Kelibia hosts Tunisian amateur film festival
Kelibia - The open-air movie theatre hosting the International Amateur Film Festival of Kelibia (FIFAK) brimmed with cinema fans when the festival opened in early August.
For many young Tunisians, the festival is not just about cinema; it is a cultural ritual that encompasses many forms of art and entertainment. On the opening evening, some teenagers argued about the best place to camp for the night. Another group put the final touches on their performance. Others, the locals of the town, were flocking to the venue along with their families to watch the movies.
Kelibia, 115km east of Tunis, has been the site of the festival since 1964, welcoming thousands of people each year. Organised by the Tunisian Federation of Amateur Film-makers (FTCA), the festival is dedicated to promoting alternative cinema, a politically activist expression of film.
“This year, we tried to work on a different approach, which is to occupy the public space in Kelibia,” said Tarek Sardi, a member of the directing committee and general secretary in charge of production. “We wanted to open the space more than usual. We attempted to create parallel programmes and dedicated parts of the activities to the people, the locals to get their attention and not just for the festival goers.
“For instance, the festival includes street art shows this year which attracted people from all different walks of life. Everyone came to watch the street shows.”
This year’s edition featured about 80 films from 23 countries, with 50 films competing in the international category and 26 films in the national category. The opening night film paid tribute to Syria with Ghatfan Ghanoom’s Moon in the Skype.
The Golden Falcon — the event’s biggest award — was given to Blue, a Syrian-Palestinian entry by Abo Gabi Bidayyat. Second place in the international competition was voted to Solo by Nayara Alsarwy from Egypt and third place was taken by Tunisian independent film-maker, Malek Khmiri for Triton, Hunter of Sound.
Houcem Cherif from Hamamet won the top prize in the national competition for Cat Town. Second place went to Youssef el-Behi’s and Halim Jerbi’s One of Us. They are from Hammam-Lif. The third prize was awarded to Sfax’s Majdi Kaanich for his Auctioned Islands.
Slide, by Malak Abd Ali from Iraq, won the jury award and special mentions were given to Argentinian film Vendeval by Mariana Rojas and the Moroccan film Whispers of Venus by Ghislaine Assif.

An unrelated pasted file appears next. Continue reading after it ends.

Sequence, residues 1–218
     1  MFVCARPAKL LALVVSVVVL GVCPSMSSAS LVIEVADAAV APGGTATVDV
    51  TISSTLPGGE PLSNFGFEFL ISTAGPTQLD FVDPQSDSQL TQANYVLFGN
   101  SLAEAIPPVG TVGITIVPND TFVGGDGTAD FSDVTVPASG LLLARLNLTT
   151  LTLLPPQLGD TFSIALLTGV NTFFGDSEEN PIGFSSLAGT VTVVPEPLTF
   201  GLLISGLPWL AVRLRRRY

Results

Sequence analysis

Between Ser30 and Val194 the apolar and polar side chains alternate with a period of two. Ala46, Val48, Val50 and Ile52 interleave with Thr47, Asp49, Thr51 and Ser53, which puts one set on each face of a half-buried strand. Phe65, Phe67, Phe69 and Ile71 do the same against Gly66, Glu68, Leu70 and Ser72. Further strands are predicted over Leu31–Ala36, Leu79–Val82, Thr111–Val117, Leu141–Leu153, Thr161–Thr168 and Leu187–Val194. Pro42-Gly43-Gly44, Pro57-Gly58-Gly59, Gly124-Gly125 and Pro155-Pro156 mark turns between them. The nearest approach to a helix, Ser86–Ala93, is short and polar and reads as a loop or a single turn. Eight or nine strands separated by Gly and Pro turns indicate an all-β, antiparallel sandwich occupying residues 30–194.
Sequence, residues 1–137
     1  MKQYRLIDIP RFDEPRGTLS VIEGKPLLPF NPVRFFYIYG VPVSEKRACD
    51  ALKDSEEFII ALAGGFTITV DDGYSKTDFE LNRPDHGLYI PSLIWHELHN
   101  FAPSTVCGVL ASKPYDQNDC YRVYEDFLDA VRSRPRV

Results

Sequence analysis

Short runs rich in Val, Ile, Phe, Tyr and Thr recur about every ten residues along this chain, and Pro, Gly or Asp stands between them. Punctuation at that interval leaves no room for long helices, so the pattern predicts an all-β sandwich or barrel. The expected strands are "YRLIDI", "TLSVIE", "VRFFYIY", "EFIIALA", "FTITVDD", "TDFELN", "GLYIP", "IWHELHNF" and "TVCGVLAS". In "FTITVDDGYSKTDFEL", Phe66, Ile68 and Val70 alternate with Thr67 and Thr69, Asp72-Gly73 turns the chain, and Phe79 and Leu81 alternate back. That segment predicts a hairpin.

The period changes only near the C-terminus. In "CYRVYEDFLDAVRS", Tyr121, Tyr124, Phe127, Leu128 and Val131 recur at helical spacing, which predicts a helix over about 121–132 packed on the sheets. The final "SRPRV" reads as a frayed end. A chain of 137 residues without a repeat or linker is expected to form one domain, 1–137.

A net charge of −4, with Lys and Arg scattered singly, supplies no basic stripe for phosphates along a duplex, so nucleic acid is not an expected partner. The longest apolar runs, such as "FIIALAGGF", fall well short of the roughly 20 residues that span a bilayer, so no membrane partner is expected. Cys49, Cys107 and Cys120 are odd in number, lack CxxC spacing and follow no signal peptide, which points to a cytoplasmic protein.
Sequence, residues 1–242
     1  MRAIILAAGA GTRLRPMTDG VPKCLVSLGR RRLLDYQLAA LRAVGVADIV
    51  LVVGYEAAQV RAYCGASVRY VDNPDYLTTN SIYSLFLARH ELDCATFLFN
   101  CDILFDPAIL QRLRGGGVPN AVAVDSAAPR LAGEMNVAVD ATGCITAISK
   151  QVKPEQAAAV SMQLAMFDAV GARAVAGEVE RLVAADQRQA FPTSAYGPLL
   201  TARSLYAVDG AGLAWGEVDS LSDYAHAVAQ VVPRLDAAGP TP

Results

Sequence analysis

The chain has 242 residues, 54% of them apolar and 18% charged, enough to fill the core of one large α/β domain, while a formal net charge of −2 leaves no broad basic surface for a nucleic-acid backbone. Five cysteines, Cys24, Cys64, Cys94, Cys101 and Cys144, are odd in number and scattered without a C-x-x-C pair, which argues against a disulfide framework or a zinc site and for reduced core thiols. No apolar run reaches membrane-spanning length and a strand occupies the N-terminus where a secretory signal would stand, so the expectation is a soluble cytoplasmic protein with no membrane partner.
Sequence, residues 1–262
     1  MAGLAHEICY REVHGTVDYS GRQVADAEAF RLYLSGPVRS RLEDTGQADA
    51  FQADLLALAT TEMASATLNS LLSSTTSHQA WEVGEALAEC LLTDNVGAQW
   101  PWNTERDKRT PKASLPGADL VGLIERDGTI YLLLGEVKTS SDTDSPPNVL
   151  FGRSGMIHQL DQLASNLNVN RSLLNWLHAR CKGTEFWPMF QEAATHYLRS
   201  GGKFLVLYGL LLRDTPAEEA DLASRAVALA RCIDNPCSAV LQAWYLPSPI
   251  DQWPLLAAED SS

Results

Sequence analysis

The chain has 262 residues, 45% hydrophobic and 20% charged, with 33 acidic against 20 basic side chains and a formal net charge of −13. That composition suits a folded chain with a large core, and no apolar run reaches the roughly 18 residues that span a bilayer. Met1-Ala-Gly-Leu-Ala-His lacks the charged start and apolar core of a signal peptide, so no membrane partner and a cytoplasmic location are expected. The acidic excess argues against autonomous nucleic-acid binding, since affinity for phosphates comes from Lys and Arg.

“The films selected comply with the federation’s main constituent: We don’t accept mainstream commercial films but we work on the engaged,” Sardi said. “The goal is to promote cinema committed to the issues of the people. It is a festival for committed cinema.
“Our conviction is that the festival is here to guide, to change things, to raise awareness, to be a part of a community that supports you before you support yourself.”
In addition to films and street art, the festival offered a variety of workshops.
“The workshops are open to all. This year, we doubled the number of workshops and invited film-makers from different countries to animate them. They brought the knowledge and aesthetics,” Sardi said.
“This year we also worked on themes as we have workshops on gender, sexual politics, mental and physical border as well as workshops for the shadows theatre.”
The festival is one of the oldest film festivals in Africa. It has a long history of activism and was subject to censorship and state control before the revolution. Today, however, the festival enjoys a large margin of freedom of expression.
While the festival promotes independent cinema that tackles social, political and economic causes, it also provides young film-makers a venue to showcase their work.
Many of them have been attending the festival from an early age. Such is the case of Sahar el-Echi, who has been a member of the workshop for children’s cinema since 2003. She participated in the national competition with her film Mutation, a sarcastic portrait of the stereotypes of activists in Tunisia before and after the revolution.
“The festival is a school of life before being a school of cinema and amateur cinema. In my opinion, the message will be transmitted in a clearer way without complicating the story through audiovisual means. I want to simplify the idea to the person watching, to simplify the complicated aspect,” Echi explained.
“I chose to work on the change of the revolutionary figure of Tunisian activists… I worked on painting the contrast before and after the 14th of January. The film traces the mutation of the character. It is a mutated character that adapted to the changes of social and political and is no longer authentic.”
Every night, hundreds of people attended screenings.
“The turnout has exceeded all of our expectations this year,” Sardi said. “The festival is primordial for Tunisia. It is the nest for Tunisian youth to be guided to reconstruct to see a different reality, to discover things.”
“The festival is still standing despite all as long as the federation is here and as long as cinema clubs are working. This festival is built on a democratic structure that will sustain itself. We are all equal and all of our voices are heard here.”